One such project, Assessment District 124, is scheduled for a so-called vote on July 27. Unlike the others, this is an unusually large $32,815,700 project affecting 966 properties on Balboa Island. The average cost (a property tax euphemistically called an “assessment” under the California Constitution) amounts to a staggering $34,000 per parcel, if paid as a lump sum. However, by my calculations, if paid over 20 years the total payment could be as high as $54,000 depending on the bond interest rate in 2023 or 2024.
Now to the upcoming Balboa Island vote on July 27. The ballots, mailed out around June 10, are 100% by mail; the ballot roster is managed by a contractor hired by the city. Four weeks after the mailing, it was determined during a private meeting that a number of voters have not yet received their ballots and may not even be aware of the assessment about to befall them. This has been a recurring pattern on past such ballots — as little as 70% voter participation in many cases — leading to passage with way less than 50% of affected property owners approving. Furthermore, the city has no methodology for checking signatures on the mail-in ballots, relying solely on the penalty of perjury. The vote, by design and I am told by statute via Article II of the California Constitution, is a matter of public record subjecting participants to potential intimidation and peer pressure.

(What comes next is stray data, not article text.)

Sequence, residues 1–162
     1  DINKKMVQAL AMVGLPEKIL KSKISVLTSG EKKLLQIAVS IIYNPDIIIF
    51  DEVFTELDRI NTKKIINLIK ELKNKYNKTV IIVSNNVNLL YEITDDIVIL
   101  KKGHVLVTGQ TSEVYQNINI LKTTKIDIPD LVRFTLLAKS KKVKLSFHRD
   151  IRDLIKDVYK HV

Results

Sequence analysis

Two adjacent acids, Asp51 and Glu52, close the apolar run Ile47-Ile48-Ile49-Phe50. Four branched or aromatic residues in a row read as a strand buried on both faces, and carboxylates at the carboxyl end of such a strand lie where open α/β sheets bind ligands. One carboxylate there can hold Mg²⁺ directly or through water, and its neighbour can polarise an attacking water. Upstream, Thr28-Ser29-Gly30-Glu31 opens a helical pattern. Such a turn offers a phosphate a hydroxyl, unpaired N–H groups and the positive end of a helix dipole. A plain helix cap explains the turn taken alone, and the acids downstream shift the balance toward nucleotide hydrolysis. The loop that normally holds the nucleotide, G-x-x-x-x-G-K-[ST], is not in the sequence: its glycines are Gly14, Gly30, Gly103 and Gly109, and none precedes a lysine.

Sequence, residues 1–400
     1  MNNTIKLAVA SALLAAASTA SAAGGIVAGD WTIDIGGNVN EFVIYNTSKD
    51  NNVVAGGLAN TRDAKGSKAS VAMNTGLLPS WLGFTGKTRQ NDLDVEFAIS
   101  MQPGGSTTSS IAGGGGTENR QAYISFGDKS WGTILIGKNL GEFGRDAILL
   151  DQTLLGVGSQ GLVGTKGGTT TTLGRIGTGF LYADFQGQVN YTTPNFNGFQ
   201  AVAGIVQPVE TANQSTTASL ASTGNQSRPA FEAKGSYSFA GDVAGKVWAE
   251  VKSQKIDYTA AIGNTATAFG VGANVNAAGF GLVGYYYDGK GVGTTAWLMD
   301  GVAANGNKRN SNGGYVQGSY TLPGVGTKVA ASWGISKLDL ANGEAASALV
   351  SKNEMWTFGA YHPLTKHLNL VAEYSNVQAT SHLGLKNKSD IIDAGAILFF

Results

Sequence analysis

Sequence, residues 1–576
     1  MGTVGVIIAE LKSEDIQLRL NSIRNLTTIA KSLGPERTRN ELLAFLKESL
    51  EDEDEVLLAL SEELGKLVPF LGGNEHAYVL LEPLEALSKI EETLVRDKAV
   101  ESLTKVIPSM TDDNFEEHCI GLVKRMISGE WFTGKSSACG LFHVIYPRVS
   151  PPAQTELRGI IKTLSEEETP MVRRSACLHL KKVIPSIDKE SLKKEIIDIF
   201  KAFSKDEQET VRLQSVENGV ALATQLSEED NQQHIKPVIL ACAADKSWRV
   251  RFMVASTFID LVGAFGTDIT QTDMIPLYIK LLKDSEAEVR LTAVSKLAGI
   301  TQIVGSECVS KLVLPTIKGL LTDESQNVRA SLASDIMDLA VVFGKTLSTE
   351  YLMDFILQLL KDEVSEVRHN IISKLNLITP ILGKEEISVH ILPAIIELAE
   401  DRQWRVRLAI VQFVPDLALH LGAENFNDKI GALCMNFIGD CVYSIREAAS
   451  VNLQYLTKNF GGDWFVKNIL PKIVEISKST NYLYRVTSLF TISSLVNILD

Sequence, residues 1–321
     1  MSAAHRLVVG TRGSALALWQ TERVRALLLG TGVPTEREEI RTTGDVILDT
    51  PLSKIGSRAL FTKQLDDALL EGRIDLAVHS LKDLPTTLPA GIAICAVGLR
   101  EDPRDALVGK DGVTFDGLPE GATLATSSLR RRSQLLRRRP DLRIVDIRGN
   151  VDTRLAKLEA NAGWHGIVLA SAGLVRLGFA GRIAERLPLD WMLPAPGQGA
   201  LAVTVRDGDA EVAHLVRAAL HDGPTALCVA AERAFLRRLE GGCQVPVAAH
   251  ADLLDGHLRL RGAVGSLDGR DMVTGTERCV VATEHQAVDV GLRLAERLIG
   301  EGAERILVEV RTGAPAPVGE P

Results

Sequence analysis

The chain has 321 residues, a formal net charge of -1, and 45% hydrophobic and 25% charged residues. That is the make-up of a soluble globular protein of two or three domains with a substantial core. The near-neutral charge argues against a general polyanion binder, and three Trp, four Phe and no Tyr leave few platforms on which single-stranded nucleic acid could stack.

The city has provided several informational attachments along with the ballots. Missing in the attachments are the customary pleadings for and against the initiative from each of the two camps so that the voters can make an informed choice. No opposing view has been provided with the ballots. There have been no hearings or informational meetings held by the city on this huge four-years-long project. We have been told by the city that this obvious lack of transparency and ballot integrity is sanctioned by the Municipal Improvement Act of 1913. But the city continues to present itself as an independent, honest arbiter in an unpleasant feud of its own making, between dueling neighbors.
It is high time for the city to step in and protect the residents. But will it do so? Highly unlikely given the creative approach (having property owners seemingly opt into higher taxes voluntarily) provides them with a convenient and healthy subsidy to what is in essence city and utility infrastructure projects.